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Drosophila melanogaster immunity

Sara Magalhães, Élio Sucena
One of the major challenges in evolutionary biology is to unravel the genetic basis of adaptation. This issue has been gaining momentum in recent years with the accelerated development of novel genetic and genomic techniques and resources. In this issue of Molecular Ecology, Cogni et al. (2016) address the genetic basis of resistance to two viruses in Drosophila melanogaster using a panel of recombinant inbred lines with unprecedented resolution allowing detection of rare alleles and/or alleles of small effect...
October 2016: Molecular Ecology
Punyatirtha Dey, Kanika Mendiratta, Joy Bose, Amitabh Joshi
No abstract text is available yet for this article.
September 2016: Journal of Genetics
Ravikumar Hosamani, Ryan Leib, Shilpa R Bhardwaj, Christopher M Adams, Sharmila Bhattacharya
Altered gravity conditions, such as experienced by organisms during spaceflight, are known to cause transcriptomic and proteomic changes. We describe the proteomic changes in whole adult Drosophila melanogaster (fruit fly) but focus specifically on the localized changes in the adult head in response to chronic hypergravity (3 g) treatment. Canton S adult female flies (2 to 3 days old) were exposed to chronic hypergravity for 9 days and compared with 1 g controls. After hypergravity treatment, either whole flies (body + head) or fly-head-only samples were isolated and evaluated for quantitative comparison of the two gravity conditions using an isobaric tagging liquid chromatography-tandem mass spectrometry approach...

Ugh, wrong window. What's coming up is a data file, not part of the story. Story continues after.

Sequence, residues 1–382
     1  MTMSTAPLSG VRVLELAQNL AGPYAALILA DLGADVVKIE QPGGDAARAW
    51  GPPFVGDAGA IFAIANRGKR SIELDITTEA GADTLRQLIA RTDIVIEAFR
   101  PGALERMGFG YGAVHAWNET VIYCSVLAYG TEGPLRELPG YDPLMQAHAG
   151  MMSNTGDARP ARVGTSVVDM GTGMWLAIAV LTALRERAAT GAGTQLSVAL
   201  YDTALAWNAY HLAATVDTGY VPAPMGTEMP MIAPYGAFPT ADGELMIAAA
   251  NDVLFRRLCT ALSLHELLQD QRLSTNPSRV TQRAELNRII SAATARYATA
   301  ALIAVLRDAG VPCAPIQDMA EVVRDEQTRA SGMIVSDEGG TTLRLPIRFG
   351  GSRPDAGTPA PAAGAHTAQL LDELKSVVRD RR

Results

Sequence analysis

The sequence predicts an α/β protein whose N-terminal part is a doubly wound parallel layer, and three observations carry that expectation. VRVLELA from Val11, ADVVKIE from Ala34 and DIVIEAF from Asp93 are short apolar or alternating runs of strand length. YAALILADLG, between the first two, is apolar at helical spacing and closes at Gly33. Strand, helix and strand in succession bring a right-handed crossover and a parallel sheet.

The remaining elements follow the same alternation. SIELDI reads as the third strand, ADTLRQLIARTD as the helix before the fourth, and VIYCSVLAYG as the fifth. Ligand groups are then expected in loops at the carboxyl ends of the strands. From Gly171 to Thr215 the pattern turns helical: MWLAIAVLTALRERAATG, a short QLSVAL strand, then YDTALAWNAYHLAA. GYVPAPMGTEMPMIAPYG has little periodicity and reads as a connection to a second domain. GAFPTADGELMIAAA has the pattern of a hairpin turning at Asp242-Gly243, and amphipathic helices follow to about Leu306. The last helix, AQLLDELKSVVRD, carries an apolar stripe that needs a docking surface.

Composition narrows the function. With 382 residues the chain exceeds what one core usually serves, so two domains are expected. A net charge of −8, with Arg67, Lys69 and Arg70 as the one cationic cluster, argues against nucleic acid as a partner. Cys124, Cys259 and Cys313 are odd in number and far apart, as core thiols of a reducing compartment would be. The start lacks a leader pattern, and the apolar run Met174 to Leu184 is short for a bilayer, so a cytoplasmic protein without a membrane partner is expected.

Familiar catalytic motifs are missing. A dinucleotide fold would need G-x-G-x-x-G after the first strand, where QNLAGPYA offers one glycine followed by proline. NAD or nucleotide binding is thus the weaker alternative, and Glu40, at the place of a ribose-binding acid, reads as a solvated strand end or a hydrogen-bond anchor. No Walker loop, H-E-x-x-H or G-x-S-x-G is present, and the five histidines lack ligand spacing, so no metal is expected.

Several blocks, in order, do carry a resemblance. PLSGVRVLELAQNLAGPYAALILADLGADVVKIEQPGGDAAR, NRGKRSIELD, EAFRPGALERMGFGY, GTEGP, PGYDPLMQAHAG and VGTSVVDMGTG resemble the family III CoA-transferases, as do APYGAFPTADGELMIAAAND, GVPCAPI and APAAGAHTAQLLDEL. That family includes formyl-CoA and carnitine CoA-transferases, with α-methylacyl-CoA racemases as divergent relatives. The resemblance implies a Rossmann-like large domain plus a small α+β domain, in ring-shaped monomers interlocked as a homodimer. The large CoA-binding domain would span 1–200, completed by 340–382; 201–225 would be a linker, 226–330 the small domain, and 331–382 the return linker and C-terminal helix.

October 10, 2016: Journal of Proteome Research
Shannon Hateley, Ravikumar Hosamani, Shilpa R Bhardwaj, Lior Pachter, Sharmila Bhattacharya
Altered gravity can perturb normal development and induce corresponding changes in gene expression. Understanding this relationship between the physical environment and a biological response is important for NASA's space travel goals. We use RNA-Seq and qRT-PCR techniques to profile changes in early Drosophila melanogaster pupae exposed to chronic hypergravity (3g, or three times Earth's gravity). During the pupal stage, D. melanogaster rely upon gravitational cues for proper development. Assessing gene expression changes in the pupae under altered gravity conditions helps highlight gravity-dependent genetic pathways...